Slowly I realized that the knowledge I had acquired could be a strong foundation, if I would build on it. This is where I needed to get acquainted with Wisdom’s friend Prudence. I needed to learn how to put faith to work; to take it from just being a theory and putting it into practice. Faith is active, not passive. Faith is now, not sometime in the past or just for the future. Faith includes fighting, standing, resisting, trusting and at times resting. Faith speaks a desired end, not what presently exists, with the expectation that its declarations will come to pass. Faith must be exercised in order to grow and become strong. Faith is a gift from God, given to each one of us. Gradually it dawned on me that, “he who knows the most, spiritually speaking, does not win.” He who applies what he knows succeeds. Wisdom has the answers and directions we need. Prudence provides the road map for the course Wisdom has laid out for us.

I still seek wisdom, because, it will never stop being the principle thing, however, this is no longer just an intellectual pursuit. I do study and strive for accuracy but I am really searching for the spirit and not the letter of the law. On the way to Wisdom’s house, I catch myself singing this tune.

Dear Prudence, won’t you come out to play?
Dear Prudence, greet the brand new day.
The sun is up, the sky is blue. It’s beautiful, and so are you.
Dear Prudence, won’t you come out to play?

Tuesday, February 14, 2012

Plan a Funeral?…No Throw a Party!

When the wicked thrive, so does sin. But the righteous shall see their
downfall. Proverbs 29:16

…when the wicked perish, there are shouts of joy. Proverbs 11:10

Do you plan a funeral or throw a party? It seems that scriptures show that at some point the wicked “get what’s coming to them” and crash and burn (no pun intended). If that is a reason to rejoice, why don’t I feel like breaking out the party hats? Perhaps, someone would hint, “because you are not righteous”.

Au contraire mon ami, but I am. If this sounds like an outrageous claim, keep reading. You’ll learn why I believe I can make this statement.

Luke 15:11-32, a portion of scripture that is familiar to many people, is the parable of the Prodigal Son. This well known story of restoration showcases a father’s unrelenting love for his wayward son. It is also an example of the righteous seeing the downfall of the wicked and rejoicing.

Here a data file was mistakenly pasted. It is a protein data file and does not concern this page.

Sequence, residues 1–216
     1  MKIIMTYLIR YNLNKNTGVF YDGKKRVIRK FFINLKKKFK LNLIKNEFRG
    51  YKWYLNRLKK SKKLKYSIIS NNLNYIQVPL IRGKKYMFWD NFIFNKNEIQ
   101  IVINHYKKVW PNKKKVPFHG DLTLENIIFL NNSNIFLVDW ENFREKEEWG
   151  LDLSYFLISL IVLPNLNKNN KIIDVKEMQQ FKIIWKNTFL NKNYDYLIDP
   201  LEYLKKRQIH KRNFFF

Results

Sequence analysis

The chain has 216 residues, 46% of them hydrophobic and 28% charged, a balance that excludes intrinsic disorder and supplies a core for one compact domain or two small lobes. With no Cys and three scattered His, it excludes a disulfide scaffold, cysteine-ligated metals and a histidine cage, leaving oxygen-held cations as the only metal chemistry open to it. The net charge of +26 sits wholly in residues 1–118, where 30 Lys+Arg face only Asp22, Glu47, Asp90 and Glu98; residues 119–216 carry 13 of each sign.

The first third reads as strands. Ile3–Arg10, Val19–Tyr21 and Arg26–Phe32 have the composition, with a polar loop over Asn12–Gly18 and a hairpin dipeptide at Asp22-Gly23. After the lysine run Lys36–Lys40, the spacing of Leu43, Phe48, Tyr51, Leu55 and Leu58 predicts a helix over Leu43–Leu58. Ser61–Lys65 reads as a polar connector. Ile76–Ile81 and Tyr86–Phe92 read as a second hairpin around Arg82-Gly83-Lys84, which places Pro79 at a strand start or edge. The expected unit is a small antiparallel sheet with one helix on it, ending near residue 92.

In a nutshell, there is a man who has two sons. At some point the younger boy decides that life at home is a drag and approaches his father and asks for his inheritance. Most people are discreet enough to wait for their benefactor to die, but this youth was too impatient. Note to any children reading this post…don’t try this at home.

Surprisingly, the father agrees to his son’s request. He turns over about 1/3 of his net worth to the boy (his share based on the premise that there were only two sons). It was not unusual for a father to release some of an inheritance before dying, but not the entire portion. With his new found wealth in hand, the son heads off into the sunset and becomes that generation’s Bill Gates based on his entrepreneurial prowness….NOT! He heads straight to Partyville. Life is good, plenty of friends and fun. But then, the unexpected happens…a “black swan” event occurs. The country where he resides experiences a famine. His friends and his money dry up and wither away. His option, 
if he wants to survive is, get a job.

This made me wonder. Was the young man always someone who avoided work
and now had no marketable skills to offer? Or, had the high life reduced him into someone an employer considered unreliable and undesirable? The only job he found was feeding swine. Adding insult to injury, the pigs were fed food that was better than what he had to eat. Finally, one day, the light bulb came on, he came to his senses and he repented.

Uh oh, she used the “R” word. If the hairs on the back of your neck just stuck straight out, and your blood pressure skyrocketed, I understand. I used to hate  that word. “Repent” brought up images of a preacher in a three piece suit, with big hair, a beet red face, slinging sweat and pointing his index finger at the “heathens” (and in some cases the heathen Christians) and screaming; “Repent,  or you’re going to hell.” That approach always made me run, not to the altar or God, but as far away as possible.